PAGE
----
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Why individuals deny collective responsibility for changes to the atmosphere and oceans

Post of the Month: April 2010


Subject:    | The equilibrium sensitivity of the Earth's temperature to radiation
Date:       | 17 Apr 2010
Message-ID: |

Aren't you the Bill Ward who said:

"I oppose the policies because they would have no effect on temperatures, but show a very high probability of subjecting everyone to global tyranny under a Progressive/communist world government. My faith is in freedom."

I think that, in the above two sentences, we have insight into the *real* reasons why most AGW denialists are denialists. I actually do believe that it is an honest statement of his and many denialist sentiments, more-or-less.

I would say only that the truth is that Mr. Ward *really* *really* *really* wants AGW not to be true and for all those fancy pants scientists to be wrong. It is perfectly clear that he is *choosing* to believe scientific outliers and pseudoscientists or other denialist amateurs (and it is clear that he is a scientific amateur) rather than (tenatively, always tenatively) accepting the prevailing scientific consensus until or unless there is *real* evidence against it. Some denialists here even go further, dogmatically denying well-established science:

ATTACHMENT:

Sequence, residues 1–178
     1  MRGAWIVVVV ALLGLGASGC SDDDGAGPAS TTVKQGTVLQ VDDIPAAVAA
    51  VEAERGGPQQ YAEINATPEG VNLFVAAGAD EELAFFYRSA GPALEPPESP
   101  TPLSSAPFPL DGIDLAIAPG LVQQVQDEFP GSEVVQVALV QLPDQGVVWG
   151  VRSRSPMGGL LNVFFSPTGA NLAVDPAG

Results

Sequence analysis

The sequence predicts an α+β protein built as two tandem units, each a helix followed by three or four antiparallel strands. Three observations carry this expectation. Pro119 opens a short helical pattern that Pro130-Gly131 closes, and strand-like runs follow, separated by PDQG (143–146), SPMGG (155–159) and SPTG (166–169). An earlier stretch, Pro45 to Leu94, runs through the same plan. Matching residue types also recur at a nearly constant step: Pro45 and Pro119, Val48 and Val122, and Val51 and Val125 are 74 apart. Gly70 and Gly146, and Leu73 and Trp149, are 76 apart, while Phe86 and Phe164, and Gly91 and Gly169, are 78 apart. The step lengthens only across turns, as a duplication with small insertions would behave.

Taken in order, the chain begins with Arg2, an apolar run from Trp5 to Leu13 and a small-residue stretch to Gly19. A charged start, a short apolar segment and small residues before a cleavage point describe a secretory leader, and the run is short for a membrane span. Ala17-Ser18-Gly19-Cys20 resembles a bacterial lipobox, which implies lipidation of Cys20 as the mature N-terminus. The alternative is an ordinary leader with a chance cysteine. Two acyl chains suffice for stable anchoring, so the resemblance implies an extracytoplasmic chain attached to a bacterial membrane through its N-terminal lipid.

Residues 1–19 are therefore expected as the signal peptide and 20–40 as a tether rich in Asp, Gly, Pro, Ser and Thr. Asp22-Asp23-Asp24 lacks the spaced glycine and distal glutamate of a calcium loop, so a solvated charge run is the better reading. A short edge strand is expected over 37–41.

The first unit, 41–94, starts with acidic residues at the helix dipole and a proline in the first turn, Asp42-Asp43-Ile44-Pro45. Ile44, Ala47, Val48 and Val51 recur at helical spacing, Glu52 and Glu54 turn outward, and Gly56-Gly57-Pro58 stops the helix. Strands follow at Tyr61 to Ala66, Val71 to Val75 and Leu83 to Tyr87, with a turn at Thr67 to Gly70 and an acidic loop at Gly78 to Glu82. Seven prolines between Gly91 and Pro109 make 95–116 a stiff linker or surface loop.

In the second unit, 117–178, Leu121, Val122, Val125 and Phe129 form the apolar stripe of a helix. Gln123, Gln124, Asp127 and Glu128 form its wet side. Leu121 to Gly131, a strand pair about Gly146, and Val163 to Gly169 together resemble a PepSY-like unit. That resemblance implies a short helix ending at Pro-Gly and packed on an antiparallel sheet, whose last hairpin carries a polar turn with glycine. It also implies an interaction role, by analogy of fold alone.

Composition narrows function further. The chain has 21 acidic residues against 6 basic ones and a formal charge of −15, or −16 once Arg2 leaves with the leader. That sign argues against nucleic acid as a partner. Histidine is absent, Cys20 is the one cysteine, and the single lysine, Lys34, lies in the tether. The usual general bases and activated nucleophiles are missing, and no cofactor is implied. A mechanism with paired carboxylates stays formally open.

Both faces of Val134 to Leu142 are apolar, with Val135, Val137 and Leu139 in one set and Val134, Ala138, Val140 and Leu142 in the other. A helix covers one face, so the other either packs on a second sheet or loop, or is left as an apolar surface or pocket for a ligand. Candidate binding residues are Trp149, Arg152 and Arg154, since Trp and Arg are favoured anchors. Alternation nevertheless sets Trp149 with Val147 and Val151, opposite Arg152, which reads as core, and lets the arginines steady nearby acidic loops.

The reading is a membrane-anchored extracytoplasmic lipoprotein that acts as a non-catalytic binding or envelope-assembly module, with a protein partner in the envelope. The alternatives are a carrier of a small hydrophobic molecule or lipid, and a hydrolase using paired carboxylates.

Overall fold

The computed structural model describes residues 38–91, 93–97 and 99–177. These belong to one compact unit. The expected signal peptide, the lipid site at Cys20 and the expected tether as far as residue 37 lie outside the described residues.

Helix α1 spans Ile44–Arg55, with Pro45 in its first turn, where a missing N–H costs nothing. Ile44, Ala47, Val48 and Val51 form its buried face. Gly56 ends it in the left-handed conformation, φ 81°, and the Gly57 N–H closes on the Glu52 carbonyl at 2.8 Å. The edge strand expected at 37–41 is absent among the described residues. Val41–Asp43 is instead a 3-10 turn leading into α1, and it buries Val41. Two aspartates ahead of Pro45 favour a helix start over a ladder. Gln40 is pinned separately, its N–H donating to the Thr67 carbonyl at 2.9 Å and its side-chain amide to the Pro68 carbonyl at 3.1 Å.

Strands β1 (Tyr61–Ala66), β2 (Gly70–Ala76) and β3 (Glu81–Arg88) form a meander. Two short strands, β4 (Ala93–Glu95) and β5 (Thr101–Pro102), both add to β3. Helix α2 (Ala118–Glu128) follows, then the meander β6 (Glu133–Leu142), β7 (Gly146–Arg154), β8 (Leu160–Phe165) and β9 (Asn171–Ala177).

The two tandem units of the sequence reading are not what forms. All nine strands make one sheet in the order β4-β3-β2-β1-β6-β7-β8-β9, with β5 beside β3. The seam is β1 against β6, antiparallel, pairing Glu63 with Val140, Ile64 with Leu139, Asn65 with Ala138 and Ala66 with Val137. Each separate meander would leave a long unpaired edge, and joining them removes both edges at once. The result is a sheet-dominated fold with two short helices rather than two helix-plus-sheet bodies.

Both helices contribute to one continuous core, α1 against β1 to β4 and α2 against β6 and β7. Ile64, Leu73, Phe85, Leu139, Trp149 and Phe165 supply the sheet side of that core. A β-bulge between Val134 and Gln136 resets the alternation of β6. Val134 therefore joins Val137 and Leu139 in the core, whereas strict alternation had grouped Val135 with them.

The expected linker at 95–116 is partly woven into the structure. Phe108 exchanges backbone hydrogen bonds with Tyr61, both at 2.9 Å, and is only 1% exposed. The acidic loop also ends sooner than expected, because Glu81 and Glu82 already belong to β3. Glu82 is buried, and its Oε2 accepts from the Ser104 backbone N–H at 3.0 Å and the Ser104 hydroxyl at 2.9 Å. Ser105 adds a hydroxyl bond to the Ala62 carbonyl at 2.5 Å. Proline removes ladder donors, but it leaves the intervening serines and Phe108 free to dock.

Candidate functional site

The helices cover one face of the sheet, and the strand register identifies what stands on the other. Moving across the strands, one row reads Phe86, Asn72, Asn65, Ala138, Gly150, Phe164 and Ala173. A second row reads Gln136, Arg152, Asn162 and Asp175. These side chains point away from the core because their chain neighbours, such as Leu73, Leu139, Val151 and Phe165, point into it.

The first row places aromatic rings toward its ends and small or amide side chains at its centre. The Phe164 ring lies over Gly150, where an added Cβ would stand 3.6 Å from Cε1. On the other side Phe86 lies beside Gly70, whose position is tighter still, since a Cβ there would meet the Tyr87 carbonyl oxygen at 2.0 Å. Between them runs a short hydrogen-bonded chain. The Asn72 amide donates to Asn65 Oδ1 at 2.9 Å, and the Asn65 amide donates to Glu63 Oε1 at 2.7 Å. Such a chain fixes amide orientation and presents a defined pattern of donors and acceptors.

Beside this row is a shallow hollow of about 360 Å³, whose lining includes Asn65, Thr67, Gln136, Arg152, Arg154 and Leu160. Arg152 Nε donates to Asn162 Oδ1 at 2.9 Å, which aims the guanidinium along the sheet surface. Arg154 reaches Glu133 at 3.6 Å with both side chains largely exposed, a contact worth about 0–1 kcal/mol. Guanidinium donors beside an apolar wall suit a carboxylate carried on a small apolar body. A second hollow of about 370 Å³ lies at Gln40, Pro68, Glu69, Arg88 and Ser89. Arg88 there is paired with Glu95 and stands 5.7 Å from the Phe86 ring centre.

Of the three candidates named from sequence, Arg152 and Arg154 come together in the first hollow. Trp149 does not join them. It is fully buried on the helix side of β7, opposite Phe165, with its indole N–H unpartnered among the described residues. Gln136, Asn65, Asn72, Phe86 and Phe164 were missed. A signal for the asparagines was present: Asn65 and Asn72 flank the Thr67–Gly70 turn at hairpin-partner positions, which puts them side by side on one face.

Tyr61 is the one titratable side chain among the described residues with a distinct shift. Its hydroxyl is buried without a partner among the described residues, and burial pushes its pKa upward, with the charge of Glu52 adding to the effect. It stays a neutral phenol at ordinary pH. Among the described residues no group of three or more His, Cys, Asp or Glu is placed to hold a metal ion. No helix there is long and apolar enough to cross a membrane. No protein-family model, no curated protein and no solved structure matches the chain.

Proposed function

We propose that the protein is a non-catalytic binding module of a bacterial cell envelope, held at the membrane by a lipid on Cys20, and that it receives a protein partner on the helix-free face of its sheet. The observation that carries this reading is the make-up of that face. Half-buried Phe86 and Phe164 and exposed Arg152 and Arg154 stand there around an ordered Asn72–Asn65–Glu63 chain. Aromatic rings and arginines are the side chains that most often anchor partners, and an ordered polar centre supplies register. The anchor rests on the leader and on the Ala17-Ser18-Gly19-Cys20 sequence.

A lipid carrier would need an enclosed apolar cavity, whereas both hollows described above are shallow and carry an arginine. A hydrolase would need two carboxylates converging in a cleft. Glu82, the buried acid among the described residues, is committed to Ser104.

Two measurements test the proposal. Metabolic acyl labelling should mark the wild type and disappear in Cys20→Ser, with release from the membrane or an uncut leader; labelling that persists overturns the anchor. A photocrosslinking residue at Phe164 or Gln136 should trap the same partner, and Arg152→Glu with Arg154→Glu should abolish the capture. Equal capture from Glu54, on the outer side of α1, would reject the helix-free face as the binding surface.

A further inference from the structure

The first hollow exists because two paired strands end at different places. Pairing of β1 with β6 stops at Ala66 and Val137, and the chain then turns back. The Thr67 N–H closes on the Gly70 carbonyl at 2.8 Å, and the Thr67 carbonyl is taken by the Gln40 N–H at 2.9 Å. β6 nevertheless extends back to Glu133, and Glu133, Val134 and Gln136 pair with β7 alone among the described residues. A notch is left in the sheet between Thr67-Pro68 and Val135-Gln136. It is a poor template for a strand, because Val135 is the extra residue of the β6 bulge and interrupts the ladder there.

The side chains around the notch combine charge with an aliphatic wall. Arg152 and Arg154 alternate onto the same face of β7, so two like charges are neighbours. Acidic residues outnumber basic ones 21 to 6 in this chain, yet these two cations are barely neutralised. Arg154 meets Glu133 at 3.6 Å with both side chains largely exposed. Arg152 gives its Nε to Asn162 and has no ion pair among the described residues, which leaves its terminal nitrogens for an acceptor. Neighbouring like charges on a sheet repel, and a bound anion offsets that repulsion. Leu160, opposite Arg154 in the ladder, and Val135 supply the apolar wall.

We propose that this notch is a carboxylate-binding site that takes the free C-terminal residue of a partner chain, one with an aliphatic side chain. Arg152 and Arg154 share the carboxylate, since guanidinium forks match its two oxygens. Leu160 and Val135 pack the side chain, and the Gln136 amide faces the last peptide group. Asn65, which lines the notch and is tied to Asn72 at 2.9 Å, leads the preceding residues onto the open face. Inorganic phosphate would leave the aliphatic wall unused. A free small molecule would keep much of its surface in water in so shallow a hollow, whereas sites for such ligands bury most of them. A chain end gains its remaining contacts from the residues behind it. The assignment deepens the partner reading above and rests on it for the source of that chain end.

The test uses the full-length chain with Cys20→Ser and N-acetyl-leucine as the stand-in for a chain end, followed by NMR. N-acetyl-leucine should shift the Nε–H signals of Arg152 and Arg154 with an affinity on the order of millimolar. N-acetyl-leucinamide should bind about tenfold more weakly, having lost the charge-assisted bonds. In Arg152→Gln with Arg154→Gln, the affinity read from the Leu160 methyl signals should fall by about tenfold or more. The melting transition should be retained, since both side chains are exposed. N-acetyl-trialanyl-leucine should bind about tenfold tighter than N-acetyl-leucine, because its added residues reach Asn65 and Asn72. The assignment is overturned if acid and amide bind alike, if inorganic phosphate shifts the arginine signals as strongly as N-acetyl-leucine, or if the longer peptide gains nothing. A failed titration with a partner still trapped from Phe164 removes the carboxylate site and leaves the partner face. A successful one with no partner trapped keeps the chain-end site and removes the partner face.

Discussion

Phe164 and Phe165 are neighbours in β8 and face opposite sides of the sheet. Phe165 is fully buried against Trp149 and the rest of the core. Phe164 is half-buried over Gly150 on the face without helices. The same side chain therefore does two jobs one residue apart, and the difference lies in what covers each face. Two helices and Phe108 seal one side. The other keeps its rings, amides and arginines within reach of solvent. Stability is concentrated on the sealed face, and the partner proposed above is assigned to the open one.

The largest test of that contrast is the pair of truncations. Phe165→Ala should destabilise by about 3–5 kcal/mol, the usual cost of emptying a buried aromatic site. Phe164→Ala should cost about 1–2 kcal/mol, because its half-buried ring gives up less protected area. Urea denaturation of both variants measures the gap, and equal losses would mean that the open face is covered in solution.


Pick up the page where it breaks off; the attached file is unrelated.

1. that there has been a secular warming of the globe (a small but detectable one),
  2. that CO2 *is* a greenhouse gas and the second most important one in the atmosphere because it absorbs LWIR in a region that water vapor does not (often denied by introducing irrelevancies like CO2 is only 3% of the gas in the atmosphere),
  3. that human burning of fossil fuels has contributed to the observed increase in atmospheric CO2 (as if that CO2 could magically disappear rather than going into some sink -- namely the oceans even if it did disappear from the atmosphere).